The first independent venture of award-winning mixologist Lorenzo Antinori, Bar Leone offers an approachable take on Italian drinking culture, spotlighting the simple joys of just having a good time. “I feel that cocktails should be about comfort, conviviality, and being together with friends,” says Lorenzo. The cocktails here concentrate on reinventing well-loved classics, with a focus on seasonality, flavour and balance. Despite a love for story-telling that drives his creative vision, Lorenzo believes that at the end of the day a cocktail should be understandable and enjoyable. “I think often when you say ‘That’s interesting’, you never order a second one,” he explains. “You want to say that it’s delicious.” His summery refresh of a negroni bianco perfectly captures the sentiment, incorporating an aromatic East Asian citrus that compliments the botanical flavours of gentian root bitters, white vermouth, and gin. “Yuzu has a lot of floral characteristics that make it unique, it gives a very elegant finish and is also very refreshing.”
15 Bridges St, Central; @barleonehk
The Savory Project
Founders Jay Khan and Ajit Gurung of Coa, Asia’s certified Best Bar for three consecutive years now, have joined forces once more for a compelling bar concept unlike anything else in the city. Tapping into the complex yet largely unexplored realm of savoury cocktails, The Savory Project cooks up a captivating range of food-driven drinks of both the alcoholic and non-alcoholic kind. “All the drinks in our menu have adventurous elements, but at the same time, a sense of familiarity,” says Ajit. One of their signatures is a masterfully executed liquid version of a Thai beef salad. The clarified milk punch-style cocktail uses a beef stock infused with a comprehensive medley of ingredients: coconut milk, rum, fresh kaffir leaves, ginger, lime, bird’s eye chilli, black tea for balance and peanut butter for an addictive nutty aftertaste. “We don’t want to just put a garnish and call it a Thai beef salad,” he explains. “The beef is in the drink— it gives a nice gamey, salty, and very rich flavour.” The beverage is, however, also topped with a piece of locally-made wagyu biltong that further enhances its umami elements and drives home the novel experience of this culinary cocktail.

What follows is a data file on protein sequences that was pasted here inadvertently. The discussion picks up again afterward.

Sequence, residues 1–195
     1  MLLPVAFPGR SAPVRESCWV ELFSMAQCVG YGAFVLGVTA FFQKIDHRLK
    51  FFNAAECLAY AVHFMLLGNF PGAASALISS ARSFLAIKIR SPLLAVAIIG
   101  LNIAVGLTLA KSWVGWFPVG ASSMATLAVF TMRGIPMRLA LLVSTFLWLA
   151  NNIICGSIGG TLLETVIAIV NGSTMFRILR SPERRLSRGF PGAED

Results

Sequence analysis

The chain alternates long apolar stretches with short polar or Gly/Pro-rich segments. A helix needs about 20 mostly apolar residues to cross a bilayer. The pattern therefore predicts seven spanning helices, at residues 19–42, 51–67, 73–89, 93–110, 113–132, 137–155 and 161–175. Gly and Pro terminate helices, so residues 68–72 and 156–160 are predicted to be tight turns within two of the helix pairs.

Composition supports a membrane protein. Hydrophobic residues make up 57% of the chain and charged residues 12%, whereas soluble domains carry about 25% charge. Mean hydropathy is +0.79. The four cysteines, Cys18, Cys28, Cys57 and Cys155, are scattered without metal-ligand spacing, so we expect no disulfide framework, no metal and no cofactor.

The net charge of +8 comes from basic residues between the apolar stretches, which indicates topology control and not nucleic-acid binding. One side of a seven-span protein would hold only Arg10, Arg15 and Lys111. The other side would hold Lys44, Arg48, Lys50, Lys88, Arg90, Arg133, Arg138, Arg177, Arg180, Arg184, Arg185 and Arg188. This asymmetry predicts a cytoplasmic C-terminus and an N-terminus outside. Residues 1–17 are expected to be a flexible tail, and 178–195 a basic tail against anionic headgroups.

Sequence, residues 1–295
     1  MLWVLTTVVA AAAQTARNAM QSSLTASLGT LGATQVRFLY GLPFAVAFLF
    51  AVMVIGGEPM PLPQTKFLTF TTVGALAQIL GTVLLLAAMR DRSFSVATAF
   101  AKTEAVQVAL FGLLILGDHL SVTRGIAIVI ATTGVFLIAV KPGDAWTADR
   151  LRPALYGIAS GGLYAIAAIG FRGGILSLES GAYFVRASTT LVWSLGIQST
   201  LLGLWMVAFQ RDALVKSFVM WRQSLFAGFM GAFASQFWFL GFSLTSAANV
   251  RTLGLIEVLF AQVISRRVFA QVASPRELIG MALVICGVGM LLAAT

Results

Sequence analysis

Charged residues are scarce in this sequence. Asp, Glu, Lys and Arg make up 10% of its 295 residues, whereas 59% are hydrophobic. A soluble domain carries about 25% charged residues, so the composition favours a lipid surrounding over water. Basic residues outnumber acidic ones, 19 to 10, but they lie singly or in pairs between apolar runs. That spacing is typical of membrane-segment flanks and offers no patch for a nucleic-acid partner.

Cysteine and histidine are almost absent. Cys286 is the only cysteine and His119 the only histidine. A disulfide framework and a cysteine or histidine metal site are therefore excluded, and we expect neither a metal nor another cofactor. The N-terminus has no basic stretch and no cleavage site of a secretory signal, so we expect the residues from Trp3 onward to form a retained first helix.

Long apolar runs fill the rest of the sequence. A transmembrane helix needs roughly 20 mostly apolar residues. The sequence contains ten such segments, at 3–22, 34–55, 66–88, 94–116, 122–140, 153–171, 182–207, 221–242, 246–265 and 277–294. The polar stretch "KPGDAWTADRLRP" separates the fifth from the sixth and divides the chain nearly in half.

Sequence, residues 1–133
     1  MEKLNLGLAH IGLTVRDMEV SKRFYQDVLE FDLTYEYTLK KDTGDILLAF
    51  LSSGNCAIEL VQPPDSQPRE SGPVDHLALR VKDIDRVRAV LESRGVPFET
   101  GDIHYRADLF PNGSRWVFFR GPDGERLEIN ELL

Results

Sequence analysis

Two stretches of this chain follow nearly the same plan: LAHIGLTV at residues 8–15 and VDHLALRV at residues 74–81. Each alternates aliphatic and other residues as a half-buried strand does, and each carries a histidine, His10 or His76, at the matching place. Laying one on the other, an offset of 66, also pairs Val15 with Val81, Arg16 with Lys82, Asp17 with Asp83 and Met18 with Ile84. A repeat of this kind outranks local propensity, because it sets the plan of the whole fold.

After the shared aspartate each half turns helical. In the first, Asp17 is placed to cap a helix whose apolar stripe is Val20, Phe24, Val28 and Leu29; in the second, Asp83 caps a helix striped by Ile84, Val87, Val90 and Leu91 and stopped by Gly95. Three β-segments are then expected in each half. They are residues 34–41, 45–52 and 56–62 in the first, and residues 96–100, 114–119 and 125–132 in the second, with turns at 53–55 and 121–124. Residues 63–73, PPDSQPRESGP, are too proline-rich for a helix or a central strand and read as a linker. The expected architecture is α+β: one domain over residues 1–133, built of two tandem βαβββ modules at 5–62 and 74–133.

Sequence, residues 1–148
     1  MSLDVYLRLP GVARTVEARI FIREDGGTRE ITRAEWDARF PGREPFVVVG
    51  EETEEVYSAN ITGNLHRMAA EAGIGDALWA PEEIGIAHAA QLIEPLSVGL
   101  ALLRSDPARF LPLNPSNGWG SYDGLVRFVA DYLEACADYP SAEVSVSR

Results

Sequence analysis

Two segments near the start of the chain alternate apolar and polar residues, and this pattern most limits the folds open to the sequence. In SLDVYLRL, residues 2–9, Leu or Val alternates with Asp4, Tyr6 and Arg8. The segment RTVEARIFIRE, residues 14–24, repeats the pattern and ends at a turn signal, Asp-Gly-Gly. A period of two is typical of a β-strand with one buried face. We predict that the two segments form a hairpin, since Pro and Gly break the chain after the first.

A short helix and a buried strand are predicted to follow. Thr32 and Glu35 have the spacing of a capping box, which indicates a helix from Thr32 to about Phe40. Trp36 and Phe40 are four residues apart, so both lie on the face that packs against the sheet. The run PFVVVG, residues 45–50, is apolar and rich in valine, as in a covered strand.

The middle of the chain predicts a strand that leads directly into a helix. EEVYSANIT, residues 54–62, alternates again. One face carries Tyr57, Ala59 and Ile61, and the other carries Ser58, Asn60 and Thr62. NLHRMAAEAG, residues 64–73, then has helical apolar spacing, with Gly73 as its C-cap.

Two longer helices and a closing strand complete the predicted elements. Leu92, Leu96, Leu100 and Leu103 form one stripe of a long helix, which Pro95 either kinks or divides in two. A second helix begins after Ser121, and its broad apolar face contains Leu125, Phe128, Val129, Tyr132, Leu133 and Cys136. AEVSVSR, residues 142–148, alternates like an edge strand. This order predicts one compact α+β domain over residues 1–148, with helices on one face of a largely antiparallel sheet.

4 Staunton Street, Soho, Central; @thesavoryproject_
Marrying Chinese culinary traditions with global influences, The Praya crafts an innovative bar programme that pays tribute to recognisable ingredients especially unique to Chinese cuisine. “The Praya seeks to promote the cocktail pairing culture, especially within Chinese dining,” explains bartender Christian Capinpin. “As such, the Hot Century Egg was created like a drinking appetiser to offer a fresh start to dinner.” Cocktails are organised into categories inspired by wuxing, or the “Five Phases” of Fire, Water, Wood, Metal and Earth in traditional Chinese philosophy. With each drink corresponding to a different flavour profile, The Praya’s Hot Century Egg boldly represents the bitter characteristics of the Metal division. “It has a touch of bitterness, however the aftertaste brings a sense of sweetness.” Vermouth infused with onion and chilli is paired with Campari and preserved egg brine, while Peddlers gin brings complimentary notes of Sichuan peppercorn for an added layer of heat. The unconventional cocktail is crowned with a slice of century egg and, because there’s no such thing as too much spice, a dollop of homemade chilli sauce.
Level 3, 181 Connaught Road West, Shek Tong Tsui; thepraya.hk
Photography: Samantha Sin
Styling: Ella Wong
EditorAlyanna Raissa J. Payos
CreditLead image: Samantha Sin for Vogue Hong Kong's August 2023 issue